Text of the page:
To dig deeper into this subject, I suggest reading the insightful “Part IV: The Right Process” of Marty Cagan’s bestseller “Inspired”, and studying Design Thinking a bit.
In-person interviews are also an ally in this exploratory phase, which we’ll take a look at below. At the end of the day, keep in mind – no matter how smart and capable your team is, they won’t be able to solve a problem that they’re not aware of.
In-person interviews with small business owners & managers
In-person interviews have many downsides, like the fact that they’re hard to scale. But an observative and empathetic interviewer would be able to pick on non-verbal clues, clarify questions, and extract valuable information.
Moreover, in-person interviews can also be very useful when your customers are other businesses and you need to ask them for sensitive information about their financials. However, getting a few minutes of business owners’ and managers’ time can be tricky. The points below can help you get the time you need with them:
Be more confident and successful with an “interview kit”:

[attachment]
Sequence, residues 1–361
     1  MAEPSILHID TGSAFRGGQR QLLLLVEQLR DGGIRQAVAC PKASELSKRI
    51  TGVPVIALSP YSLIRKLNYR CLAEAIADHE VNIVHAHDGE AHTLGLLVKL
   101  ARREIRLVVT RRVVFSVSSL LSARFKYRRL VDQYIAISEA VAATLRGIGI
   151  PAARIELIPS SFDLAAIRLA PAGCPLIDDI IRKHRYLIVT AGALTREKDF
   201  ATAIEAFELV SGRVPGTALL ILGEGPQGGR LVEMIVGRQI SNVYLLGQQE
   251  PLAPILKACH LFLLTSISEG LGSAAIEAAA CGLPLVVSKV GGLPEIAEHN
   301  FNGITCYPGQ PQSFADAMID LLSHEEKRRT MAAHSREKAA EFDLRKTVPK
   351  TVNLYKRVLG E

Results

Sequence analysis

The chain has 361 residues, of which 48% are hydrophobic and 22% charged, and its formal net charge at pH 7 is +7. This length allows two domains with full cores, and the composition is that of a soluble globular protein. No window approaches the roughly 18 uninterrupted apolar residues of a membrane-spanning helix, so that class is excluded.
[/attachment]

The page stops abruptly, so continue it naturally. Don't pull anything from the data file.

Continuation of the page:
When conducting B2B research, as you walk into the business you want to interview, you must be presentable and relatable with the people that work there. Dress according to the formality of the business you’re visiting. Also, have a business card ready to be handed out to the people that could get you access to the owner/manager.
If they can’t be interviewed at the moment, make yourself available to come back another time. In that case, having a short letter introducing your company and the research you’re doing could be the only way that some business owners will know you were there. Attach your business card to that letter and ask for the owner’s name and when they’re mostly available.
Finally, be prepared to start right away if they’re ready. This means getting started quickly, which includes setting up the resources you’ll use (e.g. iPads, voice recorders, notebooks, etc).